Les McDowall

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Les McDowall
Personal information
Date of birth (1912-10-25)25 October 1912
Place of birth Gunga Pur, British India
Date of death 18 August 1991(1991-08-18) (aged 78)
Playing position Wing half
Senior career*
Years Team Apps (Gls)
Glentyan Thistle
1934–1937 Sunderland 13 (0)
1937–1949 Manchester City 120 (8)
1949–1950 Wrexham 3 (0)
Total 136 (8)
Teams managed
1949–1950 Wrexham
1950–1963 Manchester City
1963–1965 Oldham Athletic
* Senior club appearances and goals counted for the domestic league only

Les McDowall (25 October 1912 – 18 August 1991) was a Scottish football player and manager. He managed Manchester City between 1950 and 1963, and then Oldham Athletic until 1965. McDowall was the longest serving manager in Manchester City's history, his tenure spanning 13 years.

Though born in India, McDowall was brought up as a Scot. A wing half or centre half, he spent five years of his playing career at Sunderland mainly as a reserve to Alex Hastings. Manchester City paid £7,000 for his services in 1937 and between then and 1948 he played 129 times for the team scoring 8 goals. He was also captain of the time for a short while. He briefly moved to Wrexham’s Racecourse Ground to take up the managerial post before being brought back to Maine Road in 1950 and installed as manager.[1]

The club was languishing in the second tier of English football, McDowall set to work building a solid team and soon saw the fruits of his labour, with the club returning to the first division the following season.

Solid if unspectacular progress was made in the early 1950s, with some notable results along the way; the most significant being a handful of derby victories against Manchester United. McDowall was an innovator, undoubtedly ahead of his time, inspired by the great Hungarian side of the era he pioneered the use of wing backs and the deployment of a forward playing between the strikers and midfield. These revolutionary tactical systems, more commonly associated with the game as we know it today, were not an instant success however and City leaked more than five goals in a game on three occasions in the 1955–56 season.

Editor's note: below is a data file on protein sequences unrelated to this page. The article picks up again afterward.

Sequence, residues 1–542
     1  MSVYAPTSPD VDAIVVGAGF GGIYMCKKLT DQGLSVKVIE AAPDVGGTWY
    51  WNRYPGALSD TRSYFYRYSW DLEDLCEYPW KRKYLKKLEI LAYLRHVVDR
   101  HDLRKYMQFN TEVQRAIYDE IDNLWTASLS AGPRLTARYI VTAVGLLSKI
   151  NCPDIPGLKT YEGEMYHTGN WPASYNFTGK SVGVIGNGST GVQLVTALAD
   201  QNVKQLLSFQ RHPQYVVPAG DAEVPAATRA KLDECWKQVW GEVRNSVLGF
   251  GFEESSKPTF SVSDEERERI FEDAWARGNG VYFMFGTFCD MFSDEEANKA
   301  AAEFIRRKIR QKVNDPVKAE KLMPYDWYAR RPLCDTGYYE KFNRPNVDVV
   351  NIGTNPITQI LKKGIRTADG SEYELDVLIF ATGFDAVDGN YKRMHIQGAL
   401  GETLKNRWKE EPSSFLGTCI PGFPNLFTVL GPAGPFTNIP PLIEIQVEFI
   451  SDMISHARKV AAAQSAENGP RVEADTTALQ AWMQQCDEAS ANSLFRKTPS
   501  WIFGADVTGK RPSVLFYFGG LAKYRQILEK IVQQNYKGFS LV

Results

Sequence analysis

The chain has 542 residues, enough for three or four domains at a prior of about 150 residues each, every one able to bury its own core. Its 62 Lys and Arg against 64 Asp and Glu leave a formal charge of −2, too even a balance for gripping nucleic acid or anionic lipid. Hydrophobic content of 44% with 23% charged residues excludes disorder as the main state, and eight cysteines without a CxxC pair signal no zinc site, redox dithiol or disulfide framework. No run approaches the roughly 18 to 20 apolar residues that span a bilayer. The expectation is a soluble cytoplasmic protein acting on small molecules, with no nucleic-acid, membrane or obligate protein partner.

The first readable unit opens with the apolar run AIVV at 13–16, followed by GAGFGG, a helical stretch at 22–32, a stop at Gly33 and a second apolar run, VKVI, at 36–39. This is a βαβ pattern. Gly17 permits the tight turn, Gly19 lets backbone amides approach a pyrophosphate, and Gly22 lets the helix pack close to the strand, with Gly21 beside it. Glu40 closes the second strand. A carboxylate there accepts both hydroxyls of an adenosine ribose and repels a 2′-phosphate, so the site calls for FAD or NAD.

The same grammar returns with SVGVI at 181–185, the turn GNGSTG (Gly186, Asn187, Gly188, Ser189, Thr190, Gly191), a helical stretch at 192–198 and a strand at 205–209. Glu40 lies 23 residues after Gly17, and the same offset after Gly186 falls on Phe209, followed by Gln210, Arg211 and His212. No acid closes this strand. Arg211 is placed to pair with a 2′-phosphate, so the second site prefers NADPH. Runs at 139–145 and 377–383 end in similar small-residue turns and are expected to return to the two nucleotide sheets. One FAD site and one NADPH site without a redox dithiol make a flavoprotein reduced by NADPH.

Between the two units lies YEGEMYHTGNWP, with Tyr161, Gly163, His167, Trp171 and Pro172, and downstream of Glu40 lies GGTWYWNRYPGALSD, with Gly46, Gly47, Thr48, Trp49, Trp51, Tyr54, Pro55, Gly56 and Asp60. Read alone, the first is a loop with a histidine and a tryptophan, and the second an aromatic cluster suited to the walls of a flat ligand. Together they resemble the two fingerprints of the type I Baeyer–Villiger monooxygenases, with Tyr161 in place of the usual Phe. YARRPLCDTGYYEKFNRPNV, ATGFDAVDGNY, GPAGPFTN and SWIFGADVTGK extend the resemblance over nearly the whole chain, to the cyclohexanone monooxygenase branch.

Don Revie was a key player in McDowall's team and it was with Revie that he masterminded the "Revie Plan", centred on the plan's namesake playing in a withdrawn striker's role. McDowall's tactical brainstorming and tinkering, which had generally been met with scorn and derision from the majority of fans at Maine Road, eventually bore fruit and the club was rewarded with consecutive appearances in the FA Cup finals of 1955 (lost 1–3 to Newcastle United) and 1956, winning the latter against Birmingham City 3–1.

The mid 1950s were the high points of McDowall's career as manager of Manchester City. An ageing team and limited resources saw the club begin to wane and fall towards the foot of the first division by the beginning of the 1960s, culminating in relegation to the second division in the 1962–63 season. With relegation came the end of McDowall's tenure at Manchester City. He went on to manage Oldham Athletic from June 1963 to March 1965 before quitting management.

He died 18 August 1991 at the age of 78.[2] McDowall was an active freemason.[3]


As a manager[edit]

Manchester City F.C.


  1. ^ http://www.bluemoon-mcfc.co.uk/History/Managers/Manager.aspx?id=13
  2. ^ "Archived copy". Archived from the original on 2011-12-27. Retrieved 2011-12-17.CS1 maint: Archived copy as title (link)
  3. ^ "Anfield Lodge No. 2215". Woolton Group of Lodges and Chapters. 15 October 2017.
  • Les McDowall at Post War English & Scottish Football League A–Z Player's Database